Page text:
"Will you come with us to London next season?"

"With the Darcys?" Charlotte asked, surprised.

"Yes," was all Elizabeth said.

"Are you matchmaking, Lizzy?"

"Maybe," Elizabeth smiled.

"Oh my! You are turning into your mother."

"Charlotte!" Elizabeth gasped, feigning offence.

"I do not know, Lizzy."

"Think about it. You shall be out of half-mourning by then, and I shall certainly not push you to do something you do not wish to do. I would only like to introduce you to some people, but the decision shall always be yours."

"I shall think about it. For now, this young gentleman is hungry," she said, giving Matthew to his mother.


"Papa, Mama, Papa," was the first thing that Fitzwilliam heard as he opened his eyes that morning. He looked around in confusion and saw his eldest son's grin as he jumped up and down in bed. "Papa, wake up! Mama!"

"Bennet?" he said.

"Papa, it's my birthday! I'm two!" the toddler exclaimed as he kept jumping over his father and showing him two fingers.

Fitzwilliam came to his senses and looked down at himself. He was immediately relieved to discover he was wearing a nightshirt and Elizabeth had donned her chemise at some point in the night. Bennet was not in the habit of entering their bedchamber without permission, but they had learnt to be prepared just in case.

"Happy birthday, Son," he finally said, tackling Bennet down and placing kisses on his neck, which caused the boy to giggle.

"Papa, tickles!"

"Oh, my," Elizabeth mumbled. "Bennet, what are you doing here?"

"Mama, my birthday!"

"You are quite right, my love," she chuckled. "Happy birthday, darling."

Elizabeth took her son in her arms and kissed his cheeks before the boy started wiggling around.

"Presents!" he said.

"What a mercenary son you have, Fitzwilliam," she said to her husband, and released the boy. "You shall have your presents after breakfast. Be a good boy and go to your nursery to get dressed."

"Yes!" he replied, happy that he would get his birthday presents as he climbed down the bed.

"And Bennet?" his father said. "Remember to knock and ask for permission before you enter our chambers. Since it is your birthday, you are forgiven this time."

"Yes, Papa."

As soon as he was gone, Fitzwilliam laid back down again. "Dear Lord."

Elizabeth chuckled and laid her head on his chest as she cuddled to his side. "Those are the delights of fatherhood, Fitzwilliam. One wakes up with little feet trampling all over you."

"I was not warned about that," he argued, wrapping his arms around her.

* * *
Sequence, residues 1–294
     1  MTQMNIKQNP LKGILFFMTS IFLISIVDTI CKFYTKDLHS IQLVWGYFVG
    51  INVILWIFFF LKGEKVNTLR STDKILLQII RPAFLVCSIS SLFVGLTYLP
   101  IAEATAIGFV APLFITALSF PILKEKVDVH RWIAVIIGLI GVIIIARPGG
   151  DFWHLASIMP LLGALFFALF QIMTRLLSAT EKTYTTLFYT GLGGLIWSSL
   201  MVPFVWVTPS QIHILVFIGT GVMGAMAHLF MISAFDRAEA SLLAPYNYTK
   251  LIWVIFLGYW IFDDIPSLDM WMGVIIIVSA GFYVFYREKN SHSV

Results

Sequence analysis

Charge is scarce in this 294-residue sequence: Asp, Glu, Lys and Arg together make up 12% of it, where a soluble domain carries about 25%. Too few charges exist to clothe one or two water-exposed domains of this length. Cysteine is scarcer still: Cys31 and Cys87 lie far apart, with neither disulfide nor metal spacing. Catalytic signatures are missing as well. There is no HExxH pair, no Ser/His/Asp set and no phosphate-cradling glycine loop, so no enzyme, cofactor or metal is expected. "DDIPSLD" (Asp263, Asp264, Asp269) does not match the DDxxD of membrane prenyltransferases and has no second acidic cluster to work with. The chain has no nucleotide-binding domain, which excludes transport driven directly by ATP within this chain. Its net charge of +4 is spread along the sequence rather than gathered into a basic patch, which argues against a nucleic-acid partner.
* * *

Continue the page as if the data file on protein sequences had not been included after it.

"Aren't you grateful that I put on my chemise, even though you never wish me to?"

"I thank God for that. How would we explain it if you had not?"

"He would surely tell everyone, too, if he were to witness such a scene," she laughed. "Will you now tell me about his present?"

"No."

"Why not?"

"You shall disapprove."

"And will I not find out sooner or later?"

"Yes, but my hope is that when you see Bennet's happiness, you shall not be able to scold me too much."

She laughed. "You'd better hope so. I am getting anxious and my imagination is surely worse than whatever you have bought for him."

"Come, let us get ready for breakfast and you shall find out then."

Bennet was even more full of energy than usual and having the whole family visiting only made him more lively than was his wont. Fitzwilliam watched him in amusement as he went from one family member to the other and attempted to chat with everyone, though many did not understand the words he was saying, he made himself clear with a mix of half-right words and gestures. As he observed his son, he could hardly believe that one person could be so similar to his wife. He was just as expressive and outgoing and had none of his own reserve. He was comfortable with the Fitzwilliams, the Bennets, the Gardiners, and the Bingleys, and he had no trouble getting to know new people, like Mrs. Collins. He was grateful that his son would not struggle to socialise as he did.

His gaze turned to Elizabeth and saw her talking to Jane while holding Charlie in her lap. Elizabeth was Charlie's favourite Auntie and he clung to her and to Bennet whenever he saw them. He was a delightful boy, calmer and better behaved than his own son, if he was honest. He was not surprised by that, whether he had inherited Charles' or Jane's character it hardly made a difference since they were both such gentle and calm people.

Fitzwilliam now saw Bennet's animation and liveliness in his wife's expression and chuckled to himself. He hoped he would not have five such lively children or he would not have a moment's peace! He suddenly felt he had a new understanding of poor Mr. Bennet. Matthew seemed calm in his grandmother Bennet's arms, but he was only two months old and Bennet used to be an easy babe. He would have to prepare himself mentally for lively children, just in case.